|کد مقاله||کد نشریه||سال انتشار||مقاله انگلیسی||ترجمه فارسی||نسخه تمام متن|
|2658946||1564170||2015||7 صفحه PDF||سفارش دهید||دانلود کنید|
Detection of HIV during pregnancy and consequent treatment may reduce harm to the fetus. We examine whether the combination of Health Belief Model and Theory of Planned Behavior predicts women's intentions to be screened for HIV during pregnancy. Two hundred Israeli women who participated in birth preparation classes completed e-mailed questionnaires. The results of a multiple linear regression reveal that perceived susceptibility to HIV, perceived benefits of screening, perceived severity of the illness, health motivation, and normative beliefs predicted women's intentions to be screened, while normative beliefs (beliefs about the extent to which significant others think they should be screened for HIV during pregnancy) was the most significant factor. Strategies to increase women's decision to be screened should address “significant others.” Additionally, strategies should include promoting women's awareness of the risk of contracting HIV while emphasizing the benefits of the test and promoting a healthy lifestyle.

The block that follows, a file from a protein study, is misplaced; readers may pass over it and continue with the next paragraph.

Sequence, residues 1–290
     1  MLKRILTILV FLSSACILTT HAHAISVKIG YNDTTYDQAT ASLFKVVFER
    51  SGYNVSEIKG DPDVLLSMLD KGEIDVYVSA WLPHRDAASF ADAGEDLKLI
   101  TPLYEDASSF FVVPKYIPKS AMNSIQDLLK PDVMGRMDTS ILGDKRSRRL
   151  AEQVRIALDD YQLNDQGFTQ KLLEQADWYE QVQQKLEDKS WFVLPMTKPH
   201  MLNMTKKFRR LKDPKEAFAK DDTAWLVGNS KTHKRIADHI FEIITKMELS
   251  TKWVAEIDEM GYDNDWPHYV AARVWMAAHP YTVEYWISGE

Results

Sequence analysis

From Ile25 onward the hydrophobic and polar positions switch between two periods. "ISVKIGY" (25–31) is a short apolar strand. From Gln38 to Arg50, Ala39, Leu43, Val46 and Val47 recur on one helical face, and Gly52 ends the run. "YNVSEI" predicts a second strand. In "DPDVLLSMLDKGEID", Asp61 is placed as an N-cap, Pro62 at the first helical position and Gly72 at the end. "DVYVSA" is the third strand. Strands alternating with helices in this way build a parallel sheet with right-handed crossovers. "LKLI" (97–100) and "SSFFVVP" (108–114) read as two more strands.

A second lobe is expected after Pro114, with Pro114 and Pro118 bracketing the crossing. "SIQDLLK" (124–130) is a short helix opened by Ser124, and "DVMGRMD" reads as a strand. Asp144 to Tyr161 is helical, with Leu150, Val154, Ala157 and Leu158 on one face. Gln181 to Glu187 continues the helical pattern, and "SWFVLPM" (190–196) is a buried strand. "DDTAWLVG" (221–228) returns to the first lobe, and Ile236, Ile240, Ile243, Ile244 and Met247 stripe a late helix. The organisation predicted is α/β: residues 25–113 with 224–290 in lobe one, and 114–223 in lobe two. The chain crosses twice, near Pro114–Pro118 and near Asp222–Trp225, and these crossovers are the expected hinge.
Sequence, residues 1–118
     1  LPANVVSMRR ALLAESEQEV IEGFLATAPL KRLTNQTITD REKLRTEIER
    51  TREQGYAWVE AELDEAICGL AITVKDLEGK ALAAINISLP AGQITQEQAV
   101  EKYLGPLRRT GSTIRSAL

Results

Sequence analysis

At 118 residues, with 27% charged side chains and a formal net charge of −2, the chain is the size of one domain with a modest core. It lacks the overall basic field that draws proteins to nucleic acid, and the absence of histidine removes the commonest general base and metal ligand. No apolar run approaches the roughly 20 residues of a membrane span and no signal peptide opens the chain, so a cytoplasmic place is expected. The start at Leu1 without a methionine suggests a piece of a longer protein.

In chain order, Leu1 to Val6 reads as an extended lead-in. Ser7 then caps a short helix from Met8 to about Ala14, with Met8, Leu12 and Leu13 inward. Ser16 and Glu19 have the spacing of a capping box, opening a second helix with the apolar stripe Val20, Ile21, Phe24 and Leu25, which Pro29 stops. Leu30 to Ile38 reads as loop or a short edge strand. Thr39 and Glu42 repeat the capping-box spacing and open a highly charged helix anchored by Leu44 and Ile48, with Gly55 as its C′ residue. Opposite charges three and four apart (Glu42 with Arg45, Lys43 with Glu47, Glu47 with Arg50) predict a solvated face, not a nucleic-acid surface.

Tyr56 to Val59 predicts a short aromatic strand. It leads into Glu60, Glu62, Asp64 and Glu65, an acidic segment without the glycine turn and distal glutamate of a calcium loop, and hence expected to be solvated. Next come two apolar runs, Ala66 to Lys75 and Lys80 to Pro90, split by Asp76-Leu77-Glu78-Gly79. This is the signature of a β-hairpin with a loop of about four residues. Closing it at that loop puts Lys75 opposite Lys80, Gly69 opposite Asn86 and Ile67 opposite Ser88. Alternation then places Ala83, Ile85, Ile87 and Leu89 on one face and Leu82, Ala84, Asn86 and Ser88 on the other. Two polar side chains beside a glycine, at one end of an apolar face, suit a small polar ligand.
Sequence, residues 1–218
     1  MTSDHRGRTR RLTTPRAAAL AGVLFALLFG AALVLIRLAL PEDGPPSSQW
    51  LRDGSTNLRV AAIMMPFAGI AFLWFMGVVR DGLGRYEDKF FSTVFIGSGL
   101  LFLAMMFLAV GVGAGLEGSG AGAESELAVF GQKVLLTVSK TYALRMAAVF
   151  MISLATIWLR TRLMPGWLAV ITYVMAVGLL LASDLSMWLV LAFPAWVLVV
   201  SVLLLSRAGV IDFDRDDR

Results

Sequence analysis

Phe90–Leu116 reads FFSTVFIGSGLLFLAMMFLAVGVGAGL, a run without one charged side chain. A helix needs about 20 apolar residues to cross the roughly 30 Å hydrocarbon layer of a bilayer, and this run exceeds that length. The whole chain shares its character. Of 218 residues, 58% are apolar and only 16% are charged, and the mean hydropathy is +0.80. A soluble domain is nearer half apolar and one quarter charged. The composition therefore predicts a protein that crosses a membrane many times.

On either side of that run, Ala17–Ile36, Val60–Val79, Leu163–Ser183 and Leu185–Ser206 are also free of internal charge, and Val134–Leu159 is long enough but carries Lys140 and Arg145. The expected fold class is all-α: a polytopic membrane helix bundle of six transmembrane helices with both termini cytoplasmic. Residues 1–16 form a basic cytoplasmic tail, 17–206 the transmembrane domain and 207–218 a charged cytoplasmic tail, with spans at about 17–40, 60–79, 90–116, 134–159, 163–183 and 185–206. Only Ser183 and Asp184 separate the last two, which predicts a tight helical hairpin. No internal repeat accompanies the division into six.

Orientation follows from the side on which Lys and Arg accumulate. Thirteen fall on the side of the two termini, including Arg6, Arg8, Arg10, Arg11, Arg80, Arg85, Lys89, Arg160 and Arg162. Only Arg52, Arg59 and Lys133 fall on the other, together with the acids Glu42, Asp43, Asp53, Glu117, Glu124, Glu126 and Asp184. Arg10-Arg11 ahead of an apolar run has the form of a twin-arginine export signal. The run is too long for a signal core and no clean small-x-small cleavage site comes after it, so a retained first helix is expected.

Journal: Journal of the Association of Nurses in AIDS Care - Volume 26, Issue 5, September–October 2015, Pages 673–679